The same goes for “Fortune Teller” and “Tattoo”, two nuggets that were ignored until the 1995 re-release, the former a Benny Spellman tune covered by many Britpoppers, including the Stones and the Merseybeats, and the latter a ditty about one of Townshend’s favorite themes, masculinity, off of The Who Sell Out. While both songs may have come across tame in their studio incarnations — especially “Tattoo”, since all almost all of The Who Sell Out save “I Can See for Miles” is a long road down snooze highway — they are positively riveting live, a fact that speaks volumes to the breathtaking musical talent and chemistry of what could arguably be considered rock ‘n’ roll’s first and perhaps finest Power Trio. For those who might disagree on that point, there is always the sonic pinnacle of Live at Leeds, the Who’s cover of Mose Allison’s “Young Man Blues”, a raunchy, unstoppable feast of riffs, loud-quiet-loud schematics, and jagged rhythms culminating in Daltrey’s spine-tingling howls about how young men have “sweet fuck-all” in the world these days.
And as weird and anticlimactic as it may seem, the Who don’t tear apart the stage and their instruments after ramming “Young Man’s Blues” — only the fifth song on disc one, after all — into your ears. Actually, as after most songs on the disc, they do the opposite — talk quietly, almost mumble, to the audience about the songs, their writers, where they ended up on the charts, who liked them, who hated them, and more. It actually is rather charming to hear what amounts to the rugged, boisterous noise of their performance followed by Townshend and Daltrey’s smarmy stage banter about the Stones, before they start up again, ready to rip into the next tune. But it comes in handy when giving a casual listen to “A Quick One While He’s Away,” one of Townshend’s early cracks at rock opera, whose final piece, “You Are Forgiven”, was memorably employed in Wes Anderson’s Rushmore as the backing track for Bill Murray and Jason Schwartzman’s attempts to kill each other off. Rather than engaging in the usual historical wisecracking, Townshend gives the audience what amounts to a Table of Contents, laying out the six acts, er, songs, of “A Quick One While He’s Away” for the audience, comic asides and buffoonery in full swing.
And although you expect things to get deadly serious once you head over to disc two’s performance of the Tommy song cycle — the sinful dessert of the release — the Who never did let their weighty considerations of the revered genre of opera get in the way of their disarming sense of humor. As the extensive and informative liner notes — which deliver histories of each song, reproductions of the original album’s inserts, interviews and loads more — for the Live at Leeds, Deluxe Edition explain, “‘Stop laughing’, [Moon would] yell from behind his drums. ‘This is serious. It’s fuckin’ opera, ain’t it?'” Moon’s self-conscious jokes always lightened the load, and this version of Tommy is a seriously heavy one. Unlike the endlessly praised album itself, the live version is LOUD, real loud, and you should thank your lucky stars for that. Because, like so many Steve Albini-engineered projects — I’m thinking specifically of PJ Harvey’s brilliant Rid of Me — the Who’s studio release of Tommy does not do justice to the raw power of the band’s live version, nor to their imposing musicianship and performative fury.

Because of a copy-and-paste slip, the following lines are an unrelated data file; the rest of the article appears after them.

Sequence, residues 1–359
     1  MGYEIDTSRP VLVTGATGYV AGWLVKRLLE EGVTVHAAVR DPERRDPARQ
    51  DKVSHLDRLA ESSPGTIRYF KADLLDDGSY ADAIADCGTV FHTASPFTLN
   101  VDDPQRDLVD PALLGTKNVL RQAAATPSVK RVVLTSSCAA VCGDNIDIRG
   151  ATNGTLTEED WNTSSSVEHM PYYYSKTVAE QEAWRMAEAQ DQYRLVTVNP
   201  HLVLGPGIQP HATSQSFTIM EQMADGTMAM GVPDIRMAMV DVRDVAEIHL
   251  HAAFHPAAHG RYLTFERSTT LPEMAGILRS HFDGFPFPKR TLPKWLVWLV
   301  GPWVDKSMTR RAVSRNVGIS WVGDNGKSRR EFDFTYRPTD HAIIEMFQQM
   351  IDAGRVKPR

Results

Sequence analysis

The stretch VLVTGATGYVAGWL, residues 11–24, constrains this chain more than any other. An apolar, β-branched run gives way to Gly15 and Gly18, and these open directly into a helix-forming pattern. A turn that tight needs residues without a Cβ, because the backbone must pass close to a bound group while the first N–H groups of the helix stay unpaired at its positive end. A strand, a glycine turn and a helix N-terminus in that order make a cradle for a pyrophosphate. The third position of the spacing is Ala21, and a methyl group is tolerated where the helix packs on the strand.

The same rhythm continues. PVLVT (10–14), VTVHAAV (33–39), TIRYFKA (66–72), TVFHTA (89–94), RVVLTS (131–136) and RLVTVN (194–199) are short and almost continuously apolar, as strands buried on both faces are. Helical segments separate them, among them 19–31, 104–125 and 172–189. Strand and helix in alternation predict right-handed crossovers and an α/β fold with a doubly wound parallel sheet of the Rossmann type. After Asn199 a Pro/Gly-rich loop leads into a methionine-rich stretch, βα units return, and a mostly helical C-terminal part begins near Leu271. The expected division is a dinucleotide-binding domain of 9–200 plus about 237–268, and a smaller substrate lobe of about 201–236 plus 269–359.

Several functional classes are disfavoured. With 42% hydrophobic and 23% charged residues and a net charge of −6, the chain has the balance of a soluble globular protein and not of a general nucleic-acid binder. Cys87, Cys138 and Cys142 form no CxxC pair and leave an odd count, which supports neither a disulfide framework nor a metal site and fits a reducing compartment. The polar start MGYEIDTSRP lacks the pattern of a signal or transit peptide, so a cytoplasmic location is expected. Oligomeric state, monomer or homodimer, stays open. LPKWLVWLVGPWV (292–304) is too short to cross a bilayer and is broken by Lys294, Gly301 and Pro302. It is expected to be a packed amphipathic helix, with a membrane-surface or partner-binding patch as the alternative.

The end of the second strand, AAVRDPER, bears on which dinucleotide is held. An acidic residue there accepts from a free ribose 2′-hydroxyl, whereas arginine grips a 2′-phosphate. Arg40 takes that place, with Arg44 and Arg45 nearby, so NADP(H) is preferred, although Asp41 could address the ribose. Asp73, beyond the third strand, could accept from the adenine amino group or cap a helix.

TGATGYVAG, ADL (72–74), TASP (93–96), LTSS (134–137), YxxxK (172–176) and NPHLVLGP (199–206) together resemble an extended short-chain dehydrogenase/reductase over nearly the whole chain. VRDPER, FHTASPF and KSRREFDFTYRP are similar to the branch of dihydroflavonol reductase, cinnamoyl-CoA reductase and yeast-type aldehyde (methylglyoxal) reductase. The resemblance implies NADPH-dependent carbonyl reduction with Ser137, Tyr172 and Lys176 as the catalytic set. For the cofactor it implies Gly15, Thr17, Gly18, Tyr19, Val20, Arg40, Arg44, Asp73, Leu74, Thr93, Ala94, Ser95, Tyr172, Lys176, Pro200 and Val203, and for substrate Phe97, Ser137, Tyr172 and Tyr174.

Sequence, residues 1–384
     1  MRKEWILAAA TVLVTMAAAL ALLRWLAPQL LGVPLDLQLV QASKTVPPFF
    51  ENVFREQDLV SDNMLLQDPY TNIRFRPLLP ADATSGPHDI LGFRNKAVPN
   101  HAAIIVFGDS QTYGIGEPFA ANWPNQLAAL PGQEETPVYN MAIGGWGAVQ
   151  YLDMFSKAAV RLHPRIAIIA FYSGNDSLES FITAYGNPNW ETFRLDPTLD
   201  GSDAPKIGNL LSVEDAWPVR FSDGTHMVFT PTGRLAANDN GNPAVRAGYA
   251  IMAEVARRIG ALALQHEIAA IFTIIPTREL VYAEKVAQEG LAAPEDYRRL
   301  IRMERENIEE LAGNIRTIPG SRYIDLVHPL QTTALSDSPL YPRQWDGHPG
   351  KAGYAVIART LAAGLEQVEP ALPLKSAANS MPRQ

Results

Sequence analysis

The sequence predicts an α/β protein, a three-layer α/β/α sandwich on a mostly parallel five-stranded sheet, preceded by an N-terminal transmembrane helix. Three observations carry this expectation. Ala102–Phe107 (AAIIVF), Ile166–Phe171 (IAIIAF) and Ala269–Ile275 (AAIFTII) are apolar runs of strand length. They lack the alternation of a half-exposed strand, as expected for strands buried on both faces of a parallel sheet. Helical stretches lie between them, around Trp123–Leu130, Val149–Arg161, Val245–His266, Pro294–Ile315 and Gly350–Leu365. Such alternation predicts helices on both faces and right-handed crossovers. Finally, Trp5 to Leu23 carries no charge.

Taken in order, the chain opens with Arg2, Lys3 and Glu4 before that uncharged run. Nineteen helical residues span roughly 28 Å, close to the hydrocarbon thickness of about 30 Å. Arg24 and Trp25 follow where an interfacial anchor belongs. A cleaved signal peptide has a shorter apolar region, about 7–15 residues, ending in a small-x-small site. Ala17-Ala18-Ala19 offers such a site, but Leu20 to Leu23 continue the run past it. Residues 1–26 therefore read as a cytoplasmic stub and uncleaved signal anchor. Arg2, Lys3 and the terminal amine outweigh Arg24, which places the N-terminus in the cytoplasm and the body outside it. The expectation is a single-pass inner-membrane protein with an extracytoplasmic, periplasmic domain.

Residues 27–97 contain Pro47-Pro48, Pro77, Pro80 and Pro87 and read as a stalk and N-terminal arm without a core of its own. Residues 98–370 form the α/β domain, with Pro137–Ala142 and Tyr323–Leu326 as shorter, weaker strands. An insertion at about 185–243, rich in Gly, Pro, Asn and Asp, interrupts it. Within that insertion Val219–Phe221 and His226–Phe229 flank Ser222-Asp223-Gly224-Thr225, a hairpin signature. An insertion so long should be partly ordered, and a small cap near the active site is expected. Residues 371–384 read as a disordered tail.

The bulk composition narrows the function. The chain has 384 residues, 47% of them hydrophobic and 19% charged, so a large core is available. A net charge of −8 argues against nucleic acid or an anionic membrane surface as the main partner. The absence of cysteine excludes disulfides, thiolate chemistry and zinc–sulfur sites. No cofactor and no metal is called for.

And although that may have been their producers’ inability to funnel the Who’s relentless and energetic stage antics into a crisp studio performance when they got near the knob-tweaking stages, it still serves as a reminder of where the true talent of the band lay, complex operas and social critiques aside. “We are difficult to record because we don’t work any different in the studio to on stage”, Keith confessed to a Leeds University student the day of their ecstatic performance. “Drumsticks are in the air when they should be on the drums and arms are flying when they should be on the guitar”.
You might do as I have done lately, and spin this live version of Tommy in favor of the studio release the next time you feel like taking a trip down memory lane — to the time you first heard it, not to when it was issued, that is. Because what the world needs now is unbridled garage noise, and lots of it. And as much as Staind or Korn or other cleverly spelled bands might think they’re serving you angst and aggression, most of their fare is so clean and spotless that you could eat off of it. And as much as Tommy is an ambitious narrative knot, Tommy performed live, at the peak of the Who’s power, is pure, rough, old-school jam, the kind you have to eat with peanut butter so it goes down smooth.
Thank god someone caught all of that chaos on tape. Because even in the brutal grip of a recession, 30 bucks for Live at Leeds (Deluxe Edition) is still a bargain. The best you’ve ever had.